Let me just echo what everyone else is saying. In this time period, stone building is a big deal. There's nothing simple about it. If they scavenge the stone from an older structure, that's possible.
Monasteries during this time were big, big business. Even a small one, in a small town is a way to generate income, as:
- a religious retreat for the wealthy
- a place where beer was produced
- a place where preserves were produced
- a place where books were copied/preserved
A monastery always aimed to be self-sufficient. What that means is that they produce enough goods and and animals there, on site so that they need nothing else ( or close to it), in order to limit their contact with the outside world.
The buildings and areas you're proposing aren't really in line with what a monastery really was for the time--and that even when they were ostensibly "poor" and "simple" they were actually a product of infrastructure and donations from nobility.
And you likely do need a small pond stocked with fish in their grange, if you are following the Catholic no meat Fridays rule.
You're talking about a well-stocked valley with decent resources for population, so you may want to rethink the whole "simple" thing. Because this area isn't poor or humble. They have access to a lot of food sources. For Medieval times, they'd be doing well, actually.
If you've researched the more complex structures and have a timeline on that, go with that timeline.
Let's look at each structure, because, I can tell you that it's pretty likely to be series of buildings rather than one big building, mainly because of fire:
There won't be a basement. At the very least, it won't be under any building if you are going to the least expense. It will be a root cellar, or a series of cellars dug out on their own. It's going to be shallow and small, because you don't want the trouble of hitting the water table (and these things tend to flood in rainy times) and building the supports is an engineering challenge the larger it is. When I say small, I mean closet sized. And it's unlikely to even have stairs down. Think, hole in the ground with a door on. If there's small hills, I would just build them into the side of a hill--that solves the water table problem at least, though it will still flood a bit during rainy times.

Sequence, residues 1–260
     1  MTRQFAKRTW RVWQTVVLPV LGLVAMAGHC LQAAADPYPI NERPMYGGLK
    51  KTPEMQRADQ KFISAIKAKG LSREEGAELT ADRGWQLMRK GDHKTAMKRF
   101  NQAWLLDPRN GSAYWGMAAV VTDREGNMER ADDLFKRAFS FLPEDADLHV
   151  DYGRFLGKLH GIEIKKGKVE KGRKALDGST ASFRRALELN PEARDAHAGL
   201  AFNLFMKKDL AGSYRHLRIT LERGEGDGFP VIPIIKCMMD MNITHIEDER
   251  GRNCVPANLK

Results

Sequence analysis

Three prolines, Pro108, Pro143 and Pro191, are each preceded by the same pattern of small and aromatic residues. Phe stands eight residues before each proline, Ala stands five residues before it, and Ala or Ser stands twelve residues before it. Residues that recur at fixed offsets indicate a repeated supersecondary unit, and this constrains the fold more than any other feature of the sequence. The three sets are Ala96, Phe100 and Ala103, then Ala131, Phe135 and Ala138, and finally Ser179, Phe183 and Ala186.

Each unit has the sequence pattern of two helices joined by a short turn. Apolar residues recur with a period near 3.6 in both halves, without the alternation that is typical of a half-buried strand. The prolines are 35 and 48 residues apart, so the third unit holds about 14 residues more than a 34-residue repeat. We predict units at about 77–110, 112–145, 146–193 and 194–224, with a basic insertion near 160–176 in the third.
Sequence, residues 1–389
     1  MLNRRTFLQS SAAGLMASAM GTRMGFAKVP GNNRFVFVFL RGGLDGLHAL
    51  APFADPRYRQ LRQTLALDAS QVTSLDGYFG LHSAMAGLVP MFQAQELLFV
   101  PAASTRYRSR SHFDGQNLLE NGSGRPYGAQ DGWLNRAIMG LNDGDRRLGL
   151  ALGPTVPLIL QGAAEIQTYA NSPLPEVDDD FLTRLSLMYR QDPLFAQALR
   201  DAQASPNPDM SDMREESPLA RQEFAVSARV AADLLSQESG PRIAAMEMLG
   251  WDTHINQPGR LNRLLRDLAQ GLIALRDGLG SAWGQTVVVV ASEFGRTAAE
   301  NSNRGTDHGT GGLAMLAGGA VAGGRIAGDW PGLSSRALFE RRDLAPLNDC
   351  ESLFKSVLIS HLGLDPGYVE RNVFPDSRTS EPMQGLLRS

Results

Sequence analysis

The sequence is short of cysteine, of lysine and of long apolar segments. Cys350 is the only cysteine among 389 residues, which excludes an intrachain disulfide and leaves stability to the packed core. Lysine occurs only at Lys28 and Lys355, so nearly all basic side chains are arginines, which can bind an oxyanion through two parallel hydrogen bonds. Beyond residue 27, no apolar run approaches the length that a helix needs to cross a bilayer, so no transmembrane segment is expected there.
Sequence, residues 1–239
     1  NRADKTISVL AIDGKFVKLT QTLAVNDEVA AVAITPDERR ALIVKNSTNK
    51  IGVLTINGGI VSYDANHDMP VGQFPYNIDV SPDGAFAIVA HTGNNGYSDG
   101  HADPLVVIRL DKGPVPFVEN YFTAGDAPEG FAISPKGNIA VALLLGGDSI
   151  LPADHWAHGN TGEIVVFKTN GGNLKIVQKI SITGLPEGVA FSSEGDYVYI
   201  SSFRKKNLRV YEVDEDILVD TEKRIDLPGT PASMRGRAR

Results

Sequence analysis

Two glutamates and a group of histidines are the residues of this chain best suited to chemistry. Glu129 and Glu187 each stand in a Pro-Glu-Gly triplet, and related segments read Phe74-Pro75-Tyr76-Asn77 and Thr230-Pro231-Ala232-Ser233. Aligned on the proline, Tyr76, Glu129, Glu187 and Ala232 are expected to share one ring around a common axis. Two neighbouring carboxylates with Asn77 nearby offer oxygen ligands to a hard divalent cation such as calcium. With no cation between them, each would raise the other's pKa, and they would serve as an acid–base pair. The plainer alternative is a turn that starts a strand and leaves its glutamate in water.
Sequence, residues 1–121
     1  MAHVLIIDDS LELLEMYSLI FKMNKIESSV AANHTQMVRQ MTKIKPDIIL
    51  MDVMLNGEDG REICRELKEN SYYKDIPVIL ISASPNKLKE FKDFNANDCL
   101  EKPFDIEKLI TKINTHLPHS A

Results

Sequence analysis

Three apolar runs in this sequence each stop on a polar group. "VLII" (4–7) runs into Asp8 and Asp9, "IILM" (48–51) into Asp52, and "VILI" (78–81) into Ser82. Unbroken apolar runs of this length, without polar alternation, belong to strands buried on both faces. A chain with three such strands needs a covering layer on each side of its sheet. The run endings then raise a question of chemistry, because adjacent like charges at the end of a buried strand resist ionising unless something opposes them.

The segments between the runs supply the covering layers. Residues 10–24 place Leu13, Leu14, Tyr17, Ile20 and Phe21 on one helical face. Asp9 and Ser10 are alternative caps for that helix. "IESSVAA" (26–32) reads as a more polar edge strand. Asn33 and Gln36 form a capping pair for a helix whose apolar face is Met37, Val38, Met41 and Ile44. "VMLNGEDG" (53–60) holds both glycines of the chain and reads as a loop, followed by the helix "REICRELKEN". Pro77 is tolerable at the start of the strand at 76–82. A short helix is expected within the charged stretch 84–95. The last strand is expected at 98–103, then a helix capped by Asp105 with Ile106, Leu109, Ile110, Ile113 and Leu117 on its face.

Even a one room building that fits, say, 20 people total for mass--it's going to be built respectfully and well. That's going to take time. This structure is the one most likely to be built to last, with stone.
build it out of wood. if this is early enough in the medieval period it might have a hole in the roof, in the center over the fire pit, because there are no chimneys... BTW livestock is unlikely to get a separate room, especially if you're going for humble...
Build a shelter, don't bother with most or any of the walls, just posts to tie things up and a roof to keep the rain out. Pretty fancy though, having them in their own area. But, then, monks in general had a better standard of living...
build it out of wood, might be in the same room as sleeping quarters. If you want another room, build another building.
How long will it take to build
I am going to start with the assumption that the stones for construction have magically appeared. Because quarrying and transport is a whole other thing. Based on the small sizes of things, my lowest estimate without that is about 6 months-2 years, depending on how much help they have. They will still need wooden large beam structures (if you are going with the rooftop being thatched), and those have to be cut and cured. A real-deal church and grounds at this time takes much, much longer, more like 20 years. If you want them to be proud of their tiny chapel, have it take 5-10 years and make it all stone.
It should be wood though...because stone is hella expensive. Stone is the upgraded version. You want simple and poor--it's made of wood. If, locally, there's a good source of stone, or that's the industry of the nearby lord, I can see it being donated, and it's something that they are proud of...If stone is really available and common for the area, it's still got to be shaped a bit and stacked. If they are common, and more easy to work with than wood (which in mountain areas can be true) then everything in the area will be made from stone.